California Senate Members Resolution No. 397 recognizes RadTech’s contribution to the community as a “vital” one. It points out that RadTech has made a positive impact in the State of California and throughout the nation as an international forum for education and information related to UV/EB technology. RadTech’s effort to provide regulatory and technical support as encouragement for member companies to keep their operations in the US also was recognized. “RadTech International is responsible for helping to create jobs and strengthen the economy…” the document states.

SCAQMD Requests Five-Year Extension to Meet Standard

The South Coast Air Quality Management District (SCAQMD) is asking the US Environmental Protection Agency (EPA) for an additional five years to meet federal clean air requirements. The district seeks a “voluntary reclassification” for the 1997 eight-hour federal standard for ozone in Coachella Valley. If granted, the area will be reclassified to “extreme” status, and EPA will allow South Coast AQMD up to five additional years (June 2024) to reach attainment.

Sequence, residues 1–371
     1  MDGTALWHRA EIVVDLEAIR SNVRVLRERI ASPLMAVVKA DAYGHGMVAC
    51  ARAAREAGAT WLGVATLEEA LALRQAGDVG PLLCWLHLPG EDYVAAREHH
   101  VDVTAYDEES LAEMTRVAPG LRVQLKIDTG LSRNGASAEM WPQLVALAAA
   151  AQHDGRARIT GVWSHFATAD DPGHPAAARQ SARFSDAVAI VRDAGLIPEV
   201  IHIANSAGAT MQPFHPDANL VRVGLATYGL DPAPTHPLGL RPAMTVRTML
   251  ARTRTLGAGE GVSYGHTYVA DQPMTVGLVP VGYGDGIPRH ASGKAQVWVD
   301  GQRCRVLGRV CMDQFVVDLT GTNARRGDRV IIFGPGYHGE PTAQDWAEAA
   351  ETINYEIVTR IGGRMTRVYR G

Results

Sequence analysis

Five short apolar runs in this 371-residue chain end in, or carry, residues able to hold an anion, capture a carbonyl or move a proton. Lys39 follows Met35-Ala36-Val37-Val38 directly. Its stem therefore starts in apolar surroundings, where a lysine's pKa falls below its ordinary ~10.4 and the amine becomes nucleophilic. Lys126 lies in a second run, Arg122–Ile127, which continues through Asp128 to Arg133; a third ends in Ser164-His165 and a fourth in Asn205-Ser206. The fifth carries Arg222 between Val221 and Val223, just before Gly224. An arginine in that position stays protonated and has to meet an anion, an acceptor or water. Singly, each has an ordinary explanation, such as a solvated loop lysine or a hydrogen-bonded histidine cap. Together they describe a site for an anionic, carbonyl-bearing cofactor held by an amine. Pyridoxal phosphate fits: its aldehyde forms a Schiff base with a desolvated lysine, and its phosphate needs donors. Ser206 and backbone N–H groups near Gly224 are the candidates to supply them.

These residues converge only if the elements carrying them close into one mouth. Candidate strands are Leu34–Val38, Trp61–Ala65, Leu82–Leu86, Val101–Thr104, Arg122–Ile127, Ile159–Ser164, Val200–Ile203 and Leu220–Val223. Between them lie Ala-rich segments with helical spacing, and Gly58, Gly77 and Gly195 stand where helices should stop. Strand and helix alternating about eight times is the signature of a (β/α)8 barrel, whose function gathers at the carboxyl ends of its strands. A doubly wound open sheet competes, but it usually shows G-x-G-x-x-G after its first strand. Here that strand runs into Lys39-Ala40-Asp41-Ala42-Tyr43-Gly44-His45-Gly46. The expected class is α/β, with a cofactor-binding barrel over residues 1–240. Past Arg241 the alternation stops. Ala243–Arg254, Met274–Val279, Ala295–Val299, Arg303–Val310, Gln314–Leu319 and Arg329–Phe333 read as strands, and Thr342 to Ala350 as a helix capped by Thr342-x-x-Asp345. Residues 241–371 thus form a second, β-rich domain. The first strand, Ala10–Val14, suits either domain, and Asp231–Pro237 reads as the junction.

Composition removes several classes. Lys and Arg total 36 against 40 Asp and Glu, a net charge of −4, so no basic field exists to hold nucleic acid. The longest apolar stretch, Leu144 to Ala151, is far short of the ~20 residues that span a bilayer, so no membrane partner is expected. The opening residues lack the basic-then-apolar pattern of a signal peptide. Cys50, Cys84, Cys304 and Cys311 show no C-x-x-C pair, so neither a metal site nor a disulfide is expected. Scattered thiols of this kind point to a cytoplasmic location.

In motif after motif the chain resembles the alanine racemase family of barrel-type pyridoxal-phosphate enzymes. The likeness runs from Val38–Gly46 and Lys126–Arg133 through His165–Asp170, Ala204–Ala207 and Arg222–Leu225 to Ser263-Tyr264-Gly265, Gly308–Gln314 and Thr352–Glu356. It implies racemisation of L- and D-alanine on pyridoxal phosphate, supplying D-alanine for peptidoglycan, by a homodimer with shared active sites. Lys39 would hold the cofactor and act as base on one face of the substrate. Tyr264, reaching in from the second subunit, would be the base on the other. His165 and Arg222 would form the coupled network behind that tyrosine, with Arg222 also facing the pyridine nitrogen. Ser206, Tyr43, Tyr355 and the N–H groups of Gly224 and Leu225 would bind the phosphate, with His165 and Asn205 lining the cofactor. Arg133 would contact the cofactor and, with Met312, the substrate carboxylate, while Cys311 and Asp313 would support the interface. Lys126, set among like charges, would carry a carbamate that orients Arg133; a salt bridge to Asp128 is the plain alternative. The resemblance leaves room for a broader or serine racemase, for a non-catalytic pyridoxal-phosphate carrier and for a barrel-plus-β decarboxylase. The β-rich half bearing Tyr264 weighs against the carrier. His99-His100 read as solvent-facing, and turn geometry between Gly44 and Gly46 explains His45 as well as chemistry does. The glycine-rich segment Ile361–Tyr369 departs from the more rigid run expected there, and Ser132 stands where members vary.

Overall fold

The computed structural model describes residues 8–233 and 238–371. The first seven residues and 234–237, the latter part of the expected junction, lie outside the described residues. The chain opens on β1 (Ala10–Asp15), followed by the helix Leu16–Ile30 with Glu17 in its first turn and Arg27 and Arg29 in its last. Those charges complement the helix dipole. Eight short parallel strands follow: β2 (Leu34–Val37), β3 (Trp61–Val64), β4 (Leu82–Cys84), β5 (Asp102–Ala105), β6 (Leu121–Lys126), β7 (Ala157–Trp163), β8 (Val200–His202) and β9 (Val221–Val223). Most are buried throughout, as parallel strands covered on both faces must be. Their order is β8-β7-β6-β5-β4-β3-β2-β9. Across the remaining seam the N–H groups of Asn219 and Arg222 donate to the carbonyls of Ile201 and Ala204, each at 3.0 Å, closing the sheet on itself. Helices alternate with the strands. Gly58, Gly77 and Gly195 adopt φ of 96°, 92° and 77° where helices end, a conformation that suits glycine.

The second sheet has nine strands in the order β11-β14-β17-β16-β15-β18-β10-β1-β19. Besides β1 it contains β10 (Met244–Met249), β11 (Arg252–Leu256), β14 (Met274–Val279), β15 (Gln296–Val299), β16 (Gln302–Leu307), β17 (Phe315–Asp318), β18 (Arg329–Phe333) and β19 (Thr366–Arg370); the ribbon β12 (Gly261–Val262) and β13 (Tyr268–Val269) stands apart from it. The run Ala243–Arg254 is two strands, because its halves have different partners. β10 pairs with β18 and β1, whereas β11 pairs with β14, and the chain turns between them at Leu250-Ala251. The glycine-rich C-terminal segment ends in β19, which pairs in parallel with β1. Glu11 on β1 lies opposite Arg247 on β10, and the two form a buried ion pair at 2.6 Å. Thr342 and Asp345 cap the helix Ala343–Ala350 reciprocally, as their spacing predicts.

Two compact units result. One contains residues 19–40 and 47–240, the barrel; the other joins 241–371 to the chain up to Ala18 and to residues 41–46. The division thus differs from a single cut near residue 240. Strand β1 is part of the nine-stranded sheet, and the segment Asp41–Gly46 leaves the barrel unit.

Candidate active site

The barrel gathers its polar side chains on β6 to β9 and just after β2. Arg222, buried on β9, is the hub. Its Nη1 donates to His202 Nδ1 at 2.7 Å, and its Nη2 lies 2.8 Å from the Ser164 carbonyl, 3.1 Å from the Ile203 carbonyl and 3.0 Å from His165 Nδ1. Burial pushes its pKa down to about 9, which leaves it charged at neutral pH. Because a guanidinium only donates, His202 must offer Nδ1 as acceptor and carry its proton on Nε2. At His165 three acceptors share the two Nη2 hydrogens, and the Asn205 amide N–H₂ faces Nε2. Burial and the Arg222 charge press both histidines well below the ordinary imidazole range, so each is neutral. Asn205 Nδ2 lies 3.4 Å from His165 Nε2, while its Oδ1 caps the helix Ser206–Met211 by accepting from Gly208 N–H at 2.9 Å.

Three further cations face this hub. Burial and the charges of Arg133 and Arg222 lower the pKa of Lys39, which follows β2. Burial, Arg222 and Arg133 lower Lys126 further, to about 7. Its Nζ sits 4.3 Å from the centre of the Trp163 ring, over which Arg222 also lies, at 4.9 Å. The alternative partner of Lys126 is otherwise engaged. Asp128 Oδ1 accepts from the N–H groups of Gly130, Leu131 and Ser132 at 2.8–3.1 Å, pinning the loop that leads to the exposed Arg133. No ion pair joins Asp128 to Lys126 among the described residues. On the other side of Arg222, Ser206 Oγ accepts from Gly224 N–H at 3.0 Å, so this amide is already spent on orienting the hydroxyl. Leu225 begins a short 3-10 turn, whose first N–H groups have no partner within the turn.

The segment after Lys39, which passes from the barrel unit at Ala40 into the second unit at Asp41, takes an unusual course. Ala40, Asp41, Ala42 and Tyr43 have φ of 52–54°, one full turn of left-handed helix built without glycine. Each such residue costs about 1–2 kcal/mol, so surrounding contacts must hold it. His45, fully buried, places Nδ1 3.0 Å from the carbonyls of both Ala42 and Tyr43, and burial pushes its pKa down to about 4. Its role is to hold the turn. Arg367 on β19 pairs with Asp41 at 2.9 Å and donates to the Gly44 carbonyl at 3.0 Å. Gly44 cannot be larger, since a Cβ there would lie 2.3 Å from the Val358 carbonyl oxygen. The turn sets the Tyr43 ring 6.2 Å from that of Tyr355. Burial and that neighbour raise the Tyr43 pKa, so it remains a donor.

According to SCAQMD, Coachella Valley is currently classified as “severe nonattainment” for ground-level ozone and faced a June 2019 deadline to meet the federal air quality standard of 0.08 parts per million (ppm). The valley is downwind from the South Coast Air Basin. When high levels of ozone form in SCAQMD, it is blown toward Coachella Valley. The same process occurs with ozone precursors, such as nitrogen oxides (NOx) and volatile organic compounds (VOCs) emitted from mobile and stationary sources. Those emissions are the main culprit for high ozone levels in the Coachella Valley.